March-May 2007 – These squares were my favorite things about working in downtown Savannah. The city’s historic district was laid out with an eye for beauty, not speed of getting around.
This was my favorite scene in Columbia Square – the fountain, huge trees and beautiful homes made a great combo.
Every couple of blocks there are these little picturesque parks and the houses, churches and buildings are built around them in a square. So the houses and porches faced these beautiful little landscaped gems, and not just another house or building. You can tell they were built during a time when people weren’t so concerned about just moving quickly through an area, because you have to drive slowly as you traverse these squares. Each also featured some kind of beautiful statuary, usually of a historical figure being honored, so you were encouraged to stop and enjoy these pleasant little respites as you maneuvered around them.
Columbia Square – We rode our bikes around to be able to stop at will and see it all pretty thoroughly. The architecture of that period and the grace of the buildings are fascinating to me and of course to Don, the architect. He always has some interesting insights into these aspects that I would not have thought of.
Johnson Square – This park was first laid out in 1733, the first of Savannah’s squares. The Declaration of Independence was read here to an enthusiastic audience on August 10, 1776.
Christ Episcopal Church was the first church built in Savannah. Originally founded in 1733, this is not the original building, but was built on the original foundation after the first two buildings were destroyed – one by fire and the other by hurricane.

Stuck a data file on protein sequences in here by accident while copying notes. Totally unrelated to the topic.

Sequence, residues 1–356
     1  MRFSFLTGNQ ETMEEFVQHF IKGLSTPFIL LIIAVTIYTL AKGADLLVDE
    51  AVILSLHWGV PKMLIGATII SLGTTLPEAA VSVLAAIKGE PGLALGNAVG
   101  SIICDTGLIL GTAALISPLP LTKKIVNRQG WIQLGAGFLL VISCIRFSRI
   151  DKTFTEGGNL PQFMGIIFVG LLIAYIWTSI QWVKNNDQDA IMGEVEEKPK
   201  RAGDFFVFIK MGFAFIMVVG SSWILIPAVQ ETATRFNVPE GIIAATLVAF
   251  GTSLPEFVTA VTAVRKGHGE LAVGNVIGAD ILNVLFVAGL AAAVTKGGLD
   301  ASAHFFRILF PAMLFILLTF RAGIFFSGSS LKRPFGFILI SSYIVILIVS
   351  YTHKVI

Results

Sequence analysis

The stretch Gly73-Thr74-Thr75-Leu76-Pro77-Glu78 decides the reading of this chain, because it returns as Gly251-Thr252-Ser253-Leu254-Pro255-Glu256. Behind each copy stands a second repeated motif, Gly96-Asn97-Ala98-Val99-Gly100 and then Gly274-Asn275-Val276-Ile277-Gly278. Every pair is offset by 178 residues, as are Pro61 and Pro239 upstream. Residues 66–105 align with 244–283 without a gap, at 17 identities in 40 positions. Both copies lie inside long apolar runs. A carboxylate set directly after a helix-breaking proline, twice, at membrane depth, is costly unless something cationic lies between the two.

Lafayette Square – This was my favorite scene here. The brilliant azaleas, the soothing fountain and the historic building all just pulled me in and made me want to sit a while.
Wright Square – Besides gorgeous pink azaleas in March, Wright Square contains a memorial to William Gordon for establishing Central Railroad Banking Company.
I always stopped to savor the azaleas by shady park benches.
Pulaski Square – My feet were killing me by now but it’s hard to want to quit walking around when greeted by such sights. I sat on the benches gazing at the graceful architecture of the homes surrounding them and wondered about the lives of the people who lived during those times.
Forsyth Park – This park became Savannah’s first recreational park in the 1840s. It was always a pleasure to walk down this tree-lined shady path and walk around gawking at the gorgeous homes.
Perhaps the most well known feature is the large fountain that sits at the north end. The fountain was built in 1858. It resembles a few other fountains found around the world, including fountains found in Paris and Peru.
Visiting Forsyth Park – Forsyth Park is the largest park in the historic district of Savannah Georgia. The Park covers 30 acres of land just south of Gaston Street and north of Park Avenue.
More Info on Savannah’s Historic Squares:
Savannah’s Historic Squares (Savannah.com) – The 22 squares in Savannah today provide locals and visitors alike with a little greenery amid all the businesses and historic houses. At one time there were 24 historic squares, but two were lost due to city development while others, such as Ellis Square, were redesigned and made even more appealing.
Savannah Squares (Visit Historic Savannah) – Savannah Squares are the heart & soul of the city. In fact, the historic district is defined by the limit of the squares. As the squares developed through time, so did the history of Savannah, as the history took place almost entirely around and in the Savannah squares.
Savannah’s Squares (Discover Historic America) – All of our Squares offer a glimpse back into the history of Savannah. Look at the houses and historic buildings, peek your head into one of the homes that offer a tour. It is all part of what makes Savannah great and you owe it to yourself to experience it.
My Spooky Savannah page has info on the haunted nature of these historic squares.
All Malia’s Miles Savannah Pages:
Historic Squares — Bonaventure Cemetery —
Laurel Grove Cemetery — Spooky Savannah —
Wormsloe Historic Site — Skidaway Island State Park —
Fort McAllister State Park — George L. Smith State Park —
Savannah Area RV Parks